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A vote for expanding the Chatham water system

By Brit Pfann
Posted Monday, February 23, 2004

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Chatham County has the least productive aquifers of all of North Carolina's hundred counties. Some areas have no underground water at all (e.g. - Harper's Crossroads) and without county water systems, people who have lived in those areas would have to live on cistern-collected and bottled water. This has health and cost implications that would drive most of us out of the county.

Other areas are on the edge: the Silk Hope School is very close to not having enough water to keep its doors open, and continues to operate on water extracted from their well during night and weekend hours, and stored in the large tank at the edge of the ballfield.

Evildoers in this case are are individual families and small local developers.

As development continues and accelerates, more and more people will be drilling wells, and competing for the same small pool of underground water. Big subdivisions are putting in pipelines, and using water from Pittsboro, Lake Jordan, or (maybe someday) Siler City municipal sources. So the evildoers in this case are are individual families and small local developers, and not the Briar Chapels of our future.

Should your well run dry, you'll find that you have a mortgage to pay on a house you can't live in. There's no justice that assures that the last person to drill a well will be the first person to lose it - it may be the person whose family has farmed here for 100 years, or possibly the well of a long term ChathamMohican who got here early and is now concerned about continuing development.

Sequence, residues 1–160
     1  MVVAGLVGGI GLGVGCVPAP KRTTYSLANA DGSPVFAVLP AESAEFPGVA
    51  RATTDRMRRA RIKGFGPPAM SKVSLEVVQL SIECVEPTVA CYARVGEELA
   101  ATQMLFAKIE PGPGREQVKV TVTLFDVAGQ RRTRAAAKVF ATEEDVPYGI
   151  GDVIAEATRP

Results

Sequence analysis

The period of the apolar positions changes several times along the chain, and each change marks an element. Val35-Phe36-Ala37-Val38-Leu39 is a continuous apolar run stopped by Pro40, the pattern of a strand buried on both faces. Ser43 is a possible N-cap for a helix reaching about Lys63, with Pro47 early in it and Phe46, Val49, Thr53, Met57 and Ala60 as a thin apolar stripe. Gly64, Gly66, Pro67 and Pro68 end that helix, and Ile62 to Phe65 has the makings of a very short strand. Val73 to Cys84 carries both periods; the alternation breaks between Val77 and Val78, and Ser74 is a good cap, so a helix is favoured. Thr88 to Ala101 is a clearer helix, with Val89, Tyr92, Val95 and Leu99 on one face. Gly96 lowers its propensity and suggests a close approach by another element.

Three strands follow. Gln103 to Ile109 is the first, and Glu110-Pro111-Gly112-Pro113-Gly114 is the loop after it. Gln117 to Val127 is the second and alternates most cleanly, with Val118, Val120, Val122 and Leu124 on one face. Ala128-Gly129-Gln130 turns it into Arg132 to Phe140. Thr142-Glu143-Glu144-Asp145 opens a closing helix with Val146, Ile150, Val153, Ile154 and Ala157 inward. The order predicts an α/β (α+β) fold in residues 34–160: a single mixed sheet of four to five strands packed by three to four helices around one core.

So personally - I'm in favor of a county water system, and of its timely, methodical, and cost effective installation. May this happen before an emergency situation develops that has all of the people who are currently content with their wells clamoring for an expensive crash water system installation when they personally turn on their tap, and find nothing comes out. Its the old story of the difference between an economic recession and a depression.

As for esthetics - our well water is highly mineralized, and makes expremely lousy coffee. We pay the extra expense to drink bottled water. Water out of a county system will probably not be the excellent stuff that New Yorkers take for granted, but is likely to be better than what comes out of the ground on our land. Could be different (and I hope it is) in your neighborhood?

As for safety - a municipal water system is checked regularly for biological (and also chemical hazards - I guess). When was the last time somebody checked your well for you?

Will we have more development because of county water systems? Probably - and some of that development will be commercial/light industrial, as exists in Randolf County, and contributes positively to their tax base.

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A vote for expanding the Chatham water system

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